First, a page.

void handleNoteOn(byte channel, byte pitch, byte velocity) {

  switch (pitch) {
    case 24:      //kick = C1/24
      hit(kick);
      break;
    case 25:      //snare = C#1/25
      hit(snare);
      break;
    case 26:      //shake = D1/26
      hit(shake);
      break;
    case 27:      //cymbal = D#1/27
      hit(cym);
      break;
    default:
      break;
  }
}

void hit(int drum) {
  crickit.analogWrite(drum, CRICKIT_DUTY_CYCLE_MAX);  //turn solenoid all the way on
  delay(hitDur);                                      // wait
  crickit.analogWrite(drum, CRICKIT_DUTY_CYCLE_OFF);  //turn solenoid all the way off
}

void test() {   //for debugging
  hit(cym);
  delay(400);
  hit(kick);
  delay(400);
  hit(snare);
  delay(400);
  hit(shake);
  delay(400);
}

Click the Upload button and wait for the process to complete. Once you see Done Uploading at the bottom of the window, the Feather should automatically fire each solenoid to test your drumkit.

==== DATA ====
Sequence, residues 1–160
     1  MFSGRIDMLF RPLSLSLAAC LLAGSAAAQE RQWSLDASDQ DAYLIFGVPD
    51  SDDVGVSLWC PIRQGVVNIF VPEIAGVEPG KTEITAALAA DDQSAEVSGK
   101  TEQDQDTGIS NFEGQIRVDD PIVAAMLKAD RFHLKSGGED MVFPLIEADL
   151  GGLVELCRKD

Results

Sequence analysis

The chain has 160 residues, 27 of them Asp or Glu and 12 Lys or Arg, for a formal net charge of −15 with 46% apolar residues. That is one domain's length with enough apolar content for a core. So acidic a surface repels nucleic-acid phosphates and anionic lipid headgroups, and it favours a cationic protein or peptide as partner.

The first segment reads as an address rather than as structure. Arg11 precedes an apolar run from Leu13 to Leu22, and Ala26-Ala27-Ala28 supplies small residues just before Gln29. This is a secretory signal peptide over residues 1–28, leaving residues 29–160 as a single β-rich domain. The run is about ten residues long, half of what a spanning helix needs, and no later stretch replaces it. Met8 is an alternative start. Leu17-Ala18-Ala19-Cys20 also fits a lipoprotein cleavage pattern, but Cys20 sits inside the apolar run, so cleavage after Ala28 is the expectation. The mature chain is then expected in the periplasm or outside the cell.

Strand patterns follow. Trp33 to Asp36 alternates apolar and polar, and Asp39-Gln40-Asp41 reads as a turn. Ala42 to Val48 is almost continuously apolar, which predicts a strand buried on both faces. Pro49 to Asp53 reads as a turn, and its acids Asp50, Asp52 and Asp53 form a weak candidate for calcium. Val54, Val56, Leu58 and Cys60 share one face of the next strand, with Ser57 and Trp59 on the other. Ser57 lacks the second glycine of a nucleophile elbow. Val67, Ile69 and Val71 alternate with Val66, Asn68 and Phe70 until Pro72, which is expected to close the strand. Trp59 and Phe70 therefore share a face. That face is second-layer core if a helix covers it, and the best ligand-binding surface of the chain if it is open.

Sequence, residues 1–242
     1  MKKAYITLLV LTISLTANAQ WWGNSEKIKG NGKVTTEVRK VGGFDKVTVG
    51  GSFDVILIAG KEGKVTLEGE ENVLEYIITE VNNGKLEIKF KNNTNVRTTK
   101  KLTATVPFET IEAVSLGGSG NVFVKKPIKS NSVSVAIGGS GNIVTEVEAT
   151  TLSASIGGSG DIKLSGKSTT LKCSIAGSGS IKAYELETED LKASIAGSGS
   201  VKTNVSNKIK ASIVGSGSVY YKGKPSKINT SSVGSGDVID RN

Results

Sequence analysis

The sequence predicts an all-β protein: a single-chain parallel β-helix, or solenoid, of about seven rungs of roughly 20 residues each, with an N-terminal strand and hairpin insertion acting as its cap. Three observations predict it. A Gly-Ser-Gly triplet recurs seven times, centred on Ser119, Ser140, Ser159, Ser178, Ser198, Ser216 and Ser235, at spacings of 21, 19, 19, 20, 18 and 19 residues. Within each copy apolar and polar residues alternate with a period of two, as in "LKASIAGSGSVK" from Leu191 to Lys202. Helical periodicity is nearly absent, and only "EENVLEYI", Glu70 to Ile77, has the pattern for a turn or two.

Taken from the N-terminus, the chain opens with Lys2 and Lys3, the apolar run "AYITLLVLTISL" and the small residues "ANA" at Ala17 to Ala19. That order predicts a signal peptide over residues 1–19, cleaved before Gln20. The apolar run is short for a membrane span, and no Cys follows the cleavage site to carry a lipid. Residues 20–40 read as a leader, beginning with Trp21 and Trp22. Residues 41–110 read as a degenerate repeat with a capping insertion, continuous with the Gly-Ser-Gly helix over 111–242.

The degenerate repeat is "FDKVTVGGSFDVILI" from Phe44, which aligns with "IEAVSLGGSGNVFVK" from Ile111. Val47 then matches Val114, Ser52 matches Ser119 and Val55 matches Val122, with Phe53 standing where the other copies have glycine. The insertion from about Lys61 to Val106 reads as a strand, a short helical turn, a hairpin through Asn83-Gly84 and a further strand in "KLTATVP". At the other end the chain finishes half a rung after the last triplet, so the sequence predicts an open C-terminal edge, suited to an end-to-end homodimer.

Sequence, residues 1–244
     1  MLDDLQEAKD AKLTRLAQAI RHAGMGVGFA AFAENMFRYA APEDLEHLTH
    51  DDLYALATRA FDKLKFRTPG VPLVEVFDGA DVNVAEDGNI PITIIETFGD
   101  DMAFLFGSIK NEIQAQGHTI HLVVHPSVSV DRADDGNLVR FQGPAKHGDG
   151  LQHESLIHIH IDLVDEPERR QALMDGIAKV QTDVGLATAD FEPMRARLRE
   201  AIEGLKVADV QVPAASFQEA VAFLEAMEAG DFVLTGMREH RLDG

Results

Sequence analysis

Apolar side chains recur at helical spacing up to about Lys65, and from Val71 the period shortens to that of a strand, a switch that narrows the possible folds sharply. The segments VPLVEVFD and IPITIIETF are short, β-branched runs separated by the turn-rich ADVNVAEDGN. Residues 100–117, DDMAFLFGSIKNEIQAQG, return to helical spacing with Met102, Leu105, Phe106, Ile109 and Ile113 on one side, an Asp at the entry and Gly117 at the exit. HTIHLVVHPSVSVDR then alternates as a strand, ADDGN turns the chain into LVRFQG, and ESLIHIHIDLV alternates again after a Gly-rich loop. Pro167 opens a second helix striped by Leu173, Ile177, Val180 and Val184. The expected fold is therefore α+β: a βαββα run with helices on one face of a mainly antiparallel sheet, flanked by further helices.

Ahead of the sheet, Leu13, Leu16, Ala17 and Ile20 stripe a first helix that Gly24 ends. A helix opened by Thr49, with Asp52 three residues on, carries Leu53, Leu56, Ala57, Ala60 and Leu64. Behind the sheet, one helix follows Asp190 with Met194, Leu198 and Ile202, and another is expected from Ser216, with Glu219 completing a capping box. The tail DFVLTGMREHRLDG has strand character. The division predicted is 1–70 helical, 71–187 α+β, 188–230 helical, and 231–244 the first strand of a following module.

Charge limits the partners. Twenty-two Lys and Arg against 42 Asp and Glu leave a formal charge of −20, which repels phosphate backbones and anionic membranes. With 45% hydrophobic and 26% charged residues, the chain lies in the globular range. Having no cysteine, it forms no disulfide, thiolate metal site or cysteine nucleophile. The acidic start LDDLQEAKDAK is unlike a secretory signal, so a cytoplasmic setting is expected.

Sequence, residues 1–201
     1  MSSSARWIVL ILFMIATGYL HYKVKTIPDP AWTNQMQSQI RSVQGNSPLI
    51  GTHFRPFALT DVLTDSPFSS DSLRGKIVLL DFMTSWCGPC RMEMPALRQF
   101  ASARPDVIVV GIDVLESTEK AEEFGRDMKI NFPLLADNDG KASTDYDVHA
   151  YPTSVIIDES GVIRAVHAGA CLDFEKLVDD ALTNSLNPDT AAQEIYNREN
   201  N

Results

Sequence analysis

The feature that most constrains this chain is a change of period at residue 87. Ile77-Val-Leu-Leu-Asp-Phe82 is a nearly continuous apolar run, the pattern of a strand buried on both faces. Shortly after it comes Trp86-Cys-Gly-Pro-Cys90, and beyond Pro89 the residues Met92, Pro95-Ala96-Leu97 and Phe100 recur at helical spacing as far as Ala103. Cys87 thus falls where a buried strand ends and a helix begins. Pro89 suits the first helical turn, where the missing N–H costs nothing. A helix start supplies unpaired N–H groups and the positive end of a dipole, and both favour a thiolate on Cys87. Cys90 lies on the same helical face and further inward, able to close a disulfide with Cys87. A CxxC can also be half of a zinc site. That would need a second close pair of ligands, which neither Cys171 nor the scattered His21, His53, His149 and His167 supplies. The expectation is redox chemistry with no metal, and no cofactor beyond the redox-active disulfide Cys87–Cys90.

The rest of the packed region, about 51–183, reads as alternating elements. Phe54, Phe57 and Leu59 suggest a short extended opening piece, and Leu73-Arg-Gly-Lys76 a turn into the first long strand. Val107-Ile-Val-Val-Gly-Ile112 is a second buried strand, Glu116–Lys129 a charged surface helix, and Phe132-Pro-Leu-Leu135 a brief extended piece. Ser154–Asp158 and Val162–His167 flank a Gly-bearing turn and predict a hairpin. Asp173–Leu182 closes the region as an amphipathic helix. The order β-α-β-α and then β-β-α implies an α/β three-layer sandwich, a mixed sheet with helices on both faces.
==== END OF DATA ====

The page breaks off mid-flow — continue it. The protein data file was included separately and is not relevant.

To send MIDI to the drummer from your computer's USB port, you'll need a MIDI-capable music application such as Garageband, Reaper, or Ableton Live. You can use a MIDI keyboard with your music app to control the the drums, but it's more fun to compose sequences and play them back over MIDI. Fast, complex sequences actually sound pretty impressive on this little kit.

Here's my kit playing a sequence from Ableton Live …

MIDI Map

The code responds to MIDI note on messages for the following note/pitch numbers: 

  • 24 (C1) = port 2
  • 25 (C1) = port 3
  • 26 (D1) = port 4
  • 27 (D1) = port 1

Solenoids will be triggered by these notes on any MIDI channel.

Limitations

Because the drummer code needs to pause and wait for a very short amount of time while each solenoid is powered on, it is only able to process one note at a time.  This means that when 2 different drum notes are received in fast succession, only one will be played.

This guide was first published on Sep 09, 2018. It was last updated on Oct 19, 2018.